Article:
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Questions remain about controversial books meant for Rapid City classrooms

Alexander Spatari
Getty Images

The Rapid City Board of Education received national attention last May, after district administrators found five books inappropriate for use in 12th grade English classes. More than 300 copies of the titles were included on a surplus list “to be destroyed.”

Administrators and principals found the titles controversial because of their subject matter. For example, “How Beautiful We Were” tells the story of an African woman battling an American oil company. “Girl, Woman, Other,” depicts lesbian and gender nonconforming characters. And “The Circle” tells the story of life in a 1984-esque dystopian society.

The school board was in the spotlight over the decision to pull the books and destroy them. Board members voted to delay any action. At a recent board meeting, a resident asked what happened to the books.

Board president Kate Thomas responded.

“Two of the books out of the five were missing," Thomas said. "Meaning they aren’t in the school buildings, and they aren’t in the warehouse.”

Later, interim board CEO Nicole Swigart offered more detail.

“They were checked into the warehouse, they absolutely were pulled from schools," Swigart said. "At the warehouse that’s a very busy place. To our best ability to figure out what happened they were placed on a palate of books being sold at auction last year. They were not given to anybody, they were not for free, we didn’t send them to any schools, but they’re no longer there.”

Swigart said the missing books are “The Circle” and “Fun Home: A Family Tragicomic.”

Swigart adds the district will be putting checks in place to track items going to the warehouse.

School board member Michael Birkeland, said he believes the books could have been lost in the warehouse.

“I’ve kinda heard both sides of ‘they took them away and burned them,’ and ‘they took them away and they’re handing them out to kids.’ I don’t believe either one of those things are happening," Birkeland said. "Our warehouse, they have a lot to deal with and they do a great job of dealing with it, but oftentimes things just happen.”

For now, the district is exploring how to handle the remaining books. Swigart said there are legal consequences to consider.

“We have three other sets of books," Swigart said. "We are at this time waiting for legal to let us know if it is appropriate for us to sell them to a schoolbook buyer, and if that is determined and we should have that back by the next board meeting, then they will be placed on our next book auction pallet.”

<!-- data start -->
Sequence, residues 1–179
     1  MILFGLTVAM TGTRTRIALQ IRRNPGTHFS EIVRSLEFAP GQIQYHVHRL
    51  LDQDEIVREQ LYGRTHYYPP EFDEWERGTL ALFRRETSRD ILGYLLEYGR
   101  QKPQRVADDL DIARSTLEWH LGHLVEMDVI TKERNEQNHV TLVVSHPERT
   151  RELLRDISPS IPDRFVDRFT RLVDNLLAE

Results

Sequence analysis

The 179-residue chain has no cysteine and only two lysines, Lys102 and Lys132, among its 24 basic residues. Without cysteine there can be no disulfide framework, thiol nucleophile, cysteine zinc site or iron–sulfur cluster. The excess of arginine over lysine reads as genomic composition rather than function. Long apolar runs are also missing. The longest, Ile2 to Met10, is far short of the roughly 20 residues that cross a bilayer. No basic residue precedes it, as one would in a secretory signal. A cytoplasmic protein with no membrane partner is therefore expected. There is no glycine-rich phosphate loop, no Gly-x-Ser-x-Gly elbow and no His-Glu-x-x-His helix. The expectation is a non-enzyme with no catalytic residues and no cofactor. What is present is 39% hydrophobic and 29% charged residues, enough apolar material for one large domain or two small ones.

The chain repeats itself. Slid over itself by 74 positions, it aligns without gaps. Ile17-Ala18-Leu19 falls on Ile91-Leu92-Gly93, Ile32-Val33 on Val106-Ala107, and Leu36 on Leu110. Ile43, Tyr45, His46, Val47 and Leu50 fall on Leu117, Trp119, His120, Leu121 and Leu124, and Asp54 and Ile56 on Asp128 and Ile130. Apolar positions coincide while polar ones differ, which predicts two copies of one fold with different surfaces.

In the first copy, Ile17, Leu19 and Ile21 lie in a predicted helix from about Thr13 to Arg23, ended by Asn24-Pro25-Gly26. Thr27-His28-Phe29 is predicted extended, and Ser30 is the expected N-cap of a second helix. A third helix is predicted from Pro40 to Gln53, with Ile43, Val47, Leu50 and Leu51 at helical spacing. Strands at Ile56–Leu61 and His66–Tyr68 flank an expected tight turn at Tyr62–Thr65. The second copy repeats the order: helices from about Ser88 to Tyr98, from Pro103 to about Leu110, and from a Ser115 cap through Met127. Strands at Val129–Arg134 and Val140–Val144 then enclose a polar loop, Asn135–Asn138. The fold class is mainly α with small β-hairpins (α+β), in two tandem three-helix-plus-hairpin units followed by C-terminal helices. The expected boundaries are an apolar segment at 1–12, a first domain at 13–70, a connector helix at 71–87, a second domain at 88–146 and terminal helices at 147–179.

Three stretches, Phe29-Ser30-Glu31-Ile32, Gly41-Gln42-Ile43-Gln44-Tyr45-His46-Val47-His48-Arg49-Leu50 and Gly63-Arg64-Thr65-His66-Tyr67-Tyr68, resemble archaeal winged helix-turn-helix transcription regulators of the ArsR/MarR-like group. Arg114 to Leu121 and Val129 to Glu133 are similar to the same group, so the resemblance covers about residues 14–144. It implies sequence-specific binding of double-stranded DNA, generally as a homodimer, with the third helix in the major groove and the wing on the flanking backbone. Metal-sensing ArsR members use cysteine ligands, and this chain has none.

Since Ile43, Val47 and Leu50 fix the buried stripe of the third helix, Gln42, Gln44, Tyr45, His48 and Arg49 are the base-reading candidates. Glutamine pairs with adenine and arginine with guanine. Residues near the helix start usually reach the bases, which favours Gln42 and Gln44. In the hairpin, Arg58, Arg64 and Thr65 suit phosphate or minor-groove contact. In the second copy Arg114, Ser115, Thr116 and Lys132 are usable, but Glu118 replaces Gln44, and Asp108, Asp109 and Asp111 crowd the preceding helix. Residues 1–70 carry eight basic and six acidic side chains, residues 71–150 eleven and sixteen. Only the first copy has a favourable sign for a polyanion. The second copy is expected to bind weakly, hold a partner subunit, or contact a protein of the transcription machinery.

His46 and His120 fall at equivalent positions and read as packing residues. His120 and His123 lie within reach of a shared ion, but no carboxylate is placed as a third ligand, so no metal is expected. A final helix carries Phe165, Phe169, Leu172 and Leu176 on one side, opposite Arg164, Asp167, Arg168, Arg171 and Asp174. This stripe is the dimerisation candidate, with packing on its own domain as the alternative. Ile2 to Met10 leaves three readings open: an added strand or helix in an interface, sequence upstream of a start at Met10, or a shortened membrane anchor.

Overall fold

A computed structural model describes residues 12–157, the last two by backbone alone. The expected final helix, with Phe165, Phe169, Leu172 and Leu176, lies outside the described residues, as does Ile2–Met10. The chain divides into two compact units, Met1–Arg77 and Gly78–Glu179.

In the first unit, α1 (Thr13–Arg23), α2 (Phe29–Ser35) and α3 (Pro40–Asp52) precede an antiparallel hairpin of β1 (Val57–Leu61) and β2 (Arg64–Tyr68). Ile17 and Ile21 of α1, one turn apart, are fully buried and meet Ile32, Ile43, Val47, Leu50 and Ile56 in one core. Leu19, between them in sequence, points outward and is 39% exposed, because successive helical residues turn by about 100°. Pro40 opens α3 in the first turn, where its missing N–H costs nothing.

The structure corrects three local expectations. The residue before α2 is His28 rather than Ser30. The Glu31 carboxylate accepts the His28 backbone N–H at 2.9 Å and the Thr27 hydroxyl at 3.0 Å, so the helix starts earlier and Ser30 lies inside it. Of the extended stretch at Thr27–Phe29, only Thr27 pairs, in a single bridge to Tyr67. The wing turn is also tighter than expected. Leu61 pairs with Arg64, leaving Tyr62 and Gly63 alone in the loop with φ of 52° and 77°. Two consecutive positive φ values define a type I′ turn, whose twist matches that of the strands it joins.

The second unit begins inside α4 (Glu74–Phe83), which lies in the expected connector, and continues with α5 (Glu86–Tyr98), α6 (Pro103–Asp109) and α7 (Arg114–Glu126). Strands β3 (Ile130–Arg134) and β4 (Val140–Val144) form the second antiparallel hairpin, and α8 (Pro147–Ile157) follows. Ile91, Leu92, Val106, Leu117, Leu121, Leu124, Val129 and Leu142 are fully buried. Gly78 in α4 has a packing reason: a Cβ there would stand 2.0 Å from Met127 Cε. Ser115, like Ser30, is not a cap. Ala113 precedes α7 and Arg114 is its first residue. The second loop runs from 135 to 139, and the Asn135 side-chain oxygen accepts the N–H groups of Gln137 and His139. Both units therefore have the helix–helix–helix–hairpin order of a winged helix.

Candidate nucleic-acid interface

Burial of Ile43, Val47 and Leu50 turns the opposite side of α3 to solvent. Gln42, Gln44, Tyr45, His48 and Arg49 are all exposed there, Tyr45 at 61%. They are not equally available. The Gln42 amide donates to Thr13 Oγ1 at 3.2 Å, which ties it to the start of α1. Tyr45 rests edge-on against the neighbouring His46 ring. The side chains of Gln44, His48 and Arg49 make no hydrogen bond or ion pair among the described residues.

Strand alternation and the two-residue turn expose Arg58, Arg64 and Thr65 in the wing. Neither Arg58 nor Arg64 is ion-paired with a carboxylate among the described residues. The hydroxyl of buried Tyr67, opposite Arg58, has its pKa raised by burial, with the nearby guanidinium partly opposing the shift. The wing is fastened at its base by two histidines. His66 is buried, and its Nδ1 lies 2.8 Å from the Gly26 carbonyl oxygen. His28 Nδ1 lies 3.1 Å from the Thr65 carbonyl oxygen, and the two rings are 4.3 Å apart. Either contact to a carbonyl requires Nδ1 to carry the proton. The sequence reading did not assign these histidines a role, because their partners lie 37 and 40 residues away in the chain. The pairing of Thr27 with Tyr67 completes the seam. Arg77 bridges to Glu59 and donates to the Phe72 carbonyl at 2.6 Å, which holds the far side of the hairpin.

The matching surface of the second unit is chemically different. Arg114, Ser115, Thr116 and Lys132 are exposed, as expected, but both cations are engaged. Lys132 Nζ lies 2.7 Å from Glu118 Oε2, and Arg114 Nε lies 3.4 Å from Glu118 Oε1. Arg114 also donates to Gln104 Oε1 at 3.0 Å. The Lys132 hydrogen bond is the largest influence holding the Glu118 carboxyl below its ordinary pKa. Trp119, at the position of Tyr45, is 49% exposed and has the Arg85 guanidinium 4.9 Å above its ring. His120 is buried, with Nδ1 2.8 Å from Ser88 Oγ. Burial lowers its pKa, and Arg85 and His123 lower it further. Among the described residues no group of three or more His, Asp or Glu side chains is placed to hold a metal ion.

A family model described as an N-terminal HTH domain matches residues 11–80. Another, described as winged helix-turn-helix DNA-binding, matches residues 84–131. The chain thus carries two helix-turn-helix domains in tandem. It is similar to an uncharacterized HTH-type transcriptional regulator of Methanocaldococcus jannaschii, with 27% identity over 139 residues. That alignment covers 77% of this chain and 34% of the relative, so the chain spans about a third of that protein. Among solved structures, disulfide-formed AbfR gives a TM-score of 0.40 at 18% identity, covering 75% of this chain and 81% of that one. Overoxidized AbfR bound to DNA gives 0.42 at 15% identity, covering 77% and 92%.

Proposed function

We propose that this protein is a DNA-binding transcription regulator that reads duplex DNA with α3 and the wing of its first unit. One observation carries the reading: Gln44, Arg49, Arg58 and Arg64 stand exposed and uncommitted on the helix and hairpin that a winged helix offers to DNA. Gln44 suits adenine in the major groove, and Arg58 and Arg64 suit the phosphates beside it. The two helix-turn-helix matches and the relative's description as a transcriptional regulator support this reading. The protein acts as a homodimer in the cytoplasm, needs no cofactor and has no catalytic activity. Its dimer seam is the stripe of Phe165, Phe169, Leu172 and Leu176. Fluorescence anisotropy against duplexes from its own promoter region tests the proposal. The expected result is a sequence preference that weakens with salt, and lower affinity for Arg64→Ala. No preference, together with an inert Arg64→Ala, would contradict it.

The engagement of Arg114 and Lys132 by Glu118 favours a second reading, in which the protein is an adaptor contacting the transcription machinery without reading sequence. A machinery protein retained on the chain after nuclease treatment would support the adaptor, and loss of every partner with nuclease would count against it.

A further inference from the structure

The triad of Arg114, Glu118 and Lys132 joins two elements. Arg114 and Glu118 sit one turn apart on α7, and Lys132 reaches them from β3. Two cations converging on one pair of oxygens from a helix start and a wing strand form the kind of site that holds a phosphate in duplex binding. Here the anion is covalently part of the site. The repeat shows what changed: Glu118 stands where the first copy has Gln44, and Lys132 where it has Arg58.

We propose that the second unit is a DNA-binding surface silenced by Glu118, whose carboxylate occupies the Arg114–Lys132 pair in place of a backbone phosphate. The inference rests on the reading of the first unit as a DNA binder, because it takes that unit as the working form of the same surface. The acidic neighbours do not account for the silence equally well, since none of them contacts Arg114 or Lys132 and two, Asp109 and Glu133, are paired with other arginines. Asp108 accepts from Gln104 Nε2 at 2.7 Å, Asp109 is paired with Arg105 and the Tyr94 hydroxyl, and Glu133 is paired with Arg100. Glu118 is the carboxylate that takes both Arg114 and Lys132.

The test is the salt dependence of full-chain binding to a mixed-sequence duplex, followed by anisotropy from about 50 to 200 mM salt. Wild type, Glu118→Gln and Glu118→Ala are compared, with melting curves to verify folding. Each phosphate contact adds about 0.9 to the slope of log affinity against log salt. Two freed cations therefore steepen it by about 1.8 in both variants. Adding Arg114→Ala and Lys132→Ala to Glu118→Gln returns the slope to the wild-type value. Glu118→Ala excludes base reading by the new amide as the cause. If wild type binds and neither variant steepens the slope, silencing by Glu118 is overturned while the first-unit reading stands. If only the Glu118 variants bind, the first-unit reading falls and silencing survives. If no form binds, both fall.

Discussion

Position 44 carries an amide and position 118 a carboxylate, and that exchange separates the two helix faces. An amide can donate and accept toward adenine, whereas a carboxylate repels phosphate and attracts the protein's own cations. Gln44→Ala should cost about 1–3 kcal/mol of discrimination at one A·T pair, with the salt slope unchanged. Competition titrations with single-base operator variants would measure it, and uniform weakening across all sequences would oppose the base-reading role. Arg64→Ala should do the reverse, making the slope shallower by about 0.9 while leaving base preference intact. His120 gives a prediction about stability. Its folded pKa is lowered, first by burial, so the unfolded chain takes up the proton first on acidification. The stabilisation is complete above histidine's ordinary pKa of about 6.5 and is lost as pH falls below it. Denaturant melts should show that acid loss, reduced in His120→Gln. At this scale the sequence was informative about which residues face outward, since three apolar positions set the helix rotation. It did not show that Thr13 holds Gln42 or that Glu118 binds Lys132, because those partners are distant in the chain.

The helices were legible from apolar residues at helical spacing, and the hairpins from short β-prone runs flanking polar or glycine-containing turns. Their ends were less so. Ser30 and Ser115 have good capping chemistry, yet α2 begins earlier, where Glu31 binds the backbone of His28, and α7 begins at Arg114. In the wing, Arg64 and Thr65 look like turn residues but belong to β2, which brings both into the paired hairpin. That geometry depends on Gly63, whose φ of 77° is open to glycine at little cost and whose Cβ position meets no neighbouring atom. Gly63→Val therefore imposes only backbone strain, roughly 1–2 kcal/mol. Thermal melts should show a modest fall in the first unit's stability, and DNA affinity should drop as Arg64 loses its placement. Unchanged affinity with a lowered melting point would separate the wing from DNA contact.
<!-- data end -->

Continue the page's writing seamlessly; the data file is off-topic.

She said the legal review will answer whether they can sell the books with district information stamped inside.

Birkeland said looking back on the situation, procedure and communication is critical.

"It feels it was just a lack of communication and a few failures in policy and a few failures in procedure, that kinda just snowballed into a rough situation that was then heavily politicized," Birkeland said. "It seems like it was just a misstep after misstep after misstep, and that’s what really led to this. So, if we can make sure that we stick to those procedures, we have a controversial materials procedure. We have a procedure for picking books.”

The decision to remove the books remains controversial. Sherri Theroux, president of the South Dakota Library Association, said the book challenge is a First Amendment issue.

“What we always want to say is to give people the freedom of choice," Theroux said. "You can choose to read the book or not read it, but to take it away so that it’s not available to anyone is never the correct solution.”

Theroux encourages parents to read books for themselves before objecting to them.

“Because a lot of times what’s happening is people are getting a hold of lists of books that are – ‘these books are bad.’ There might not be an explanation of why, and the parents are bringing these lists into the schools and saying, ‘we shouldn’t have any of these books in schools,’ but they don’t know why,” Theroux said.

When questions come up about classroom teaching material, the state library association can provide support. Nancy Swenson is chair of the group’s Intellectual Freedom Committee.

“There are resources out there if you’re dealing with these challenges, and reach out to SDLA or the American Library Association to access those resources and get help in dealing with these, because its typically a pretty high stress situation,” Swenson said.

Swenson advocates for access to books and says the choice over whether to read them should be made by students and parents together.

The Rapid City school district holds its next book sale September sixth.

C.J. Keene is a Rapid City-based journalist covering the legal system, education, and culture